After further research I think I will opt for Millie's wolf or Arden mixed with a raw diet. I find it equally as surprising that the larger pet shops do not stock the better rated food from this site.
This site has opened my eyes to a lot when it comes to dog food. At the end of the day the majority of dog owners want to feed their dog the best dog food within their budget so it is sad that some companies are charging high prices for what would appear to be low quality food.
Thank you for that advice David - will pass it on.
Clay116 - I know what you mean about people who recommend Royal Canin and then you see the review on here and wonder about it. For the breeder there can be financial advantages because of free samples, breeder clubs etc. Many years ago I used to feed this to my dogs - I think it was Mini Mature. It's such a long time ago that I cannot remember much about it but presumably if it had been terrible I would have remembered it. These kind of products reach into the pet owning public's consciousness because they are heavily advertised and widely sold in pet stores so it is hardly surprising that they are popular.
Regarding mixing kibble with raw, there is a thread here (http://www.allaboutdogfood.co.uk/forum/raw-feeding/4/mixing-raw-and-cooked-the-real-science/750/) about mixing kibble and raw food. Generally, the advice given is not to mix the two but as you can see by the thread, nobody seems to have come up with hard scientific evidence for or against it. However, IMHO I feel that it is best to stick with one or t'other so that the dog's digestion and gut flora can settle down.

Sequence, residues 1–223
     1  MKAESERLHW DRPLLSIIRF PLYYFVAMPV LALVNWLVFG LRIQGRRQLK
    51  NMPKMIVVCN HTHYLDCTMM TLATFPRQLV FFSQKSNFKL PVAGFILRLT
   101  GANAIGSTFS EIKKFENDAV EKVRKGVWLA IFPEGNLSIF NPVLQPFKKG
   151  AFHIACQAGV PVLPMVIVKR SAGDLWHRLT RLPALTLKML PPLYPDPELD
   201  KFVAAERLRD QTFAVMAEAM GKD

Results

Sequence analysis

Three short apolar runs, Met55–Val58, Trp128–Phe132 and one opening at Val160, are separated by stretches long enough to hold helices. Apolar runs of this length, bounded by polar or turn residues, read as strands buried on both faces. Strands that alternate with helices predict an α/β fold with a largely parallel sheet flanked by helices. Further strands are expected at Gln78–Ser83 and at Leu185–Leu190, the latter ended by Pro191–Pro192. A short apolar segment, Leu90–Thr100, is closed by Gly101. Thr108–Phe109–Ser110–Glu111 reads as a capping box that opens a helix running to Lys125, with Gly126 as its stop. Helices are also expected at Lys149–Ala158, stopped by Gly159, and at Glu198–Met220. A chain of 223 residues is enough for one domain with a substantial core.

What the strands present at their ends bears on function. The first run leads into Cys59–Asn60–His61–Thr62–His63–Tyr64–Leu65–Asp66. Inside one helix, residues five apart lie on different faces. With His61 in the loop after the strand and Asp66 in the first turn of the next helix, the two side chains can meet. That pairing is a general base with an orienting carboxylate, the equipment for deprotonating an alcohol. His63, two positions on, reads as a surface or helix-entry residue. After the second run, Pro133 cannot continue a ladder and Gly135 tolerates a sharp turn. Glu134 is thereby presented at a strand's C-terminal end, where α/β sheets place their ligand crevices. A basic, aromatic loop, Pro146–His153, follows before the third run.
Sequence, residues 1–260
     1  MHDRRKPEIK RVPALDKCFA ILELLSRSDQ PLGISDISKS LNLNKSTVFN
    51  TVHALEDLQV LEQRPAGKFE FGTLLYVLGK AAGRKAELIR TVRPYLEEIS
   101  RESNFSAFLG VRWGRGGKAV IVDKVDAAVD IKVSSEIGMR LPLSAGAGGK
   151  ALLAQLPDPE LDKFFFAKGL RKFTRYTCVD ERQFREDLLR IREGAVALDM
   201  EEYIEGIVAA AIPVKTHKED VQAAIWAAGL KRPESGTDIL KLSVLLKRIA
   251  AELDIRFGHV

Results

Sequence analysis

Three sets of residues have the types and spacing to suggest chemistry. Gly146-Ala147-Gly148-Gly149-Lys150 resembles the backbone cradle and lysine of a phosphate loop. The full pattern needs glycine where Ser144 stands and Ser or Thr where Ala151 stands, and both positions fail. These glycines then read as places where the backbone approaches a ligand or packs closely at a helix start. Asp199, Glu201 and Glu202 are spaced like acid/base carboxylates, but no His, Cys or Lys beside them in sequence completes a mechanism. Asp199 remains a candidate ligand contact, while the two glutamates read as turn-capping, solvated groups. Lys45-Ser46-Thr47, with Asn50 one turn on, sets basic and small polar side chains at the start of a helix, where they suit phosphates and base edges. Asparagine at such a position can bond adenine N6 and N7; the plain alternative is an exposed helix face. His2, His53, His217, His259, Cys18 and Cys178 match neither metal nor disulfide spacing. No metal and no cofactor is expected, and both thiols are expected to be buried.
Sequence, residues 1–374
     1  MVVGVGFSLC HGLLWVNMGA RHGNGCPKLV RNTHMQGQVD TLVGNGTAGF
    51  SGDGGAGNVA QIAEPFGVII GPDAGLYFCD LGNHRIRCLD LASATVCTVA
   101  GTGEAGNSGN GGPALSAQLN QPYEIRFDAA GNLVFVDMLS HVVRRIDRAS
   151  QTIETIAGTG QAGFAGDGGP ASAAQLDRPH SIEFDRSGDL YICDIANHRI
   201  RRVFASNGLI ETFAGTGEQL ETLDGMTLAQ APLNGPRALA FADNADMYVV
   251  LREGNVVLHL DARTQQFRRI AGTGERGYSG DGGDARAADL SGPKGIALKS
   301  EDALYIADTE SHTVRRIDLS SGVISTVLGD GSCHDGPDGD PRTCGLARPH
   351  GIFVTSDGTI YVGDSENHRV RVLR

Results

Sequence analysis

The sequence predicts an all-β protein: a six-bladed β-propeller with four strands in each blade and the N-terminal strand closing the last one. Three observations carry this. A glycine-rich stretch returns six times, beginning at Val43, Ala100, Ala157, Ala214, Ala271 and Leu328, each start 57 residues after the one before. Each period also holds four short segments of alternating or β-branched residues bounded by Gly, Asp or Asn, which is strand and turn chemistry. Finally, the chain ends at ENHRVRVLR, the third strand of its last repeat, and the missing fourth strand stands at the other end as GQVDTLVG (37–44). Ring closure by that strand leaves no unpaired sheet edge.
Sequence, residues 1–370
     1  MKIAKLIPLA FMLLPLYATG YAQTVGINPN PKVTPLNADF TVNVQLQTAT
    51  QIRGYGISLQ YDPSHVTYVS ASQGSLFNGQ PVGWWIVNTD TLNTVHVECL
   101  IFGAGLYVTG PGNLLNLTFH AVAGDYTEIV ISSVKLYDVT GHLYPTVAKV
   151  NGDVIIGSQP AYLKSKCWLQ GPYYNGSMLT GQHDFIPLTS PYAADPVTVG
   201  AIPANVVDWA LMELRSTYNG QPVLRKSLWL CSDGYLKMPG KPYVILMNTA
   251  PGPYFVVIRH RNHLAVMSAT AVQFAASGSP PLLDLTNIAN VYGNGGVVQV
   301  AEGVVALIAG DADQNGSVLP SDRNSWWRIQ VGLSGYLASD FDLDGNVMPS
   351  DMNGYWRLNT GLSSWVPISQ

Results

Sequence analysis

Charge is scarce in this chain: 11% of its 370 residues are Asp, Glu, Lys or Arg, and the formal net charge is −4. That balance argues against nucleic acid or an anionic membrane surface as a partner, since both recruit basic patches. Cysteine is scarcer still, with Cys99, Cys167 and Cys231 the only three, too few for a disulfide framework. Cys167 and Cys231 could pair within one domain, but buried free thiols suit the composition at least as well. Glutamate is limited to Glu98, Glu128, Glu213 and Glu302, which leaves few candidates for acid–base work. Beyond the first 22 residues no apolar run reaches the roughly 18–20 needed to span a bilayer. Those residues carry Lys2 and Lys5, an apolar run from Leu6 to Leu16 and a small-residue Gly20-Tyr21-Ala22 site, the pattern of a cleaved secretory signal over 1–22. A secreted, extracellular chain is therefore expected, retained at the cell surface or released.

The Raw feeding Community did a trial, albeit with a single dog, and proved, using x-rays, that kibble passes through the system faster than raw, it's not very scientific being only one dog, but its more than has been done to prove that kibble digests slower as many raw feeders have been told.
It makes sense for kibble to digest faster since it is already broken down, whereas meat and bone need time to be broken down in the stomach.
I know numerous Eden customers that feed Eden and raw together, even in the same bowl, and have no issues with it, but then Eden has no grain content, which is what is claimed to cause the problems.
My French Bulldog is now 2 and she is fed on Royal Canin Frenchie Food - NEVER any trouble - no tummy upset and always happy to eat it :)
I have been making the transition from Royal Canin to Millies + small amounts of raw mince following the reviews on this website. The grain free option and lack of red ingredients is what convinced me.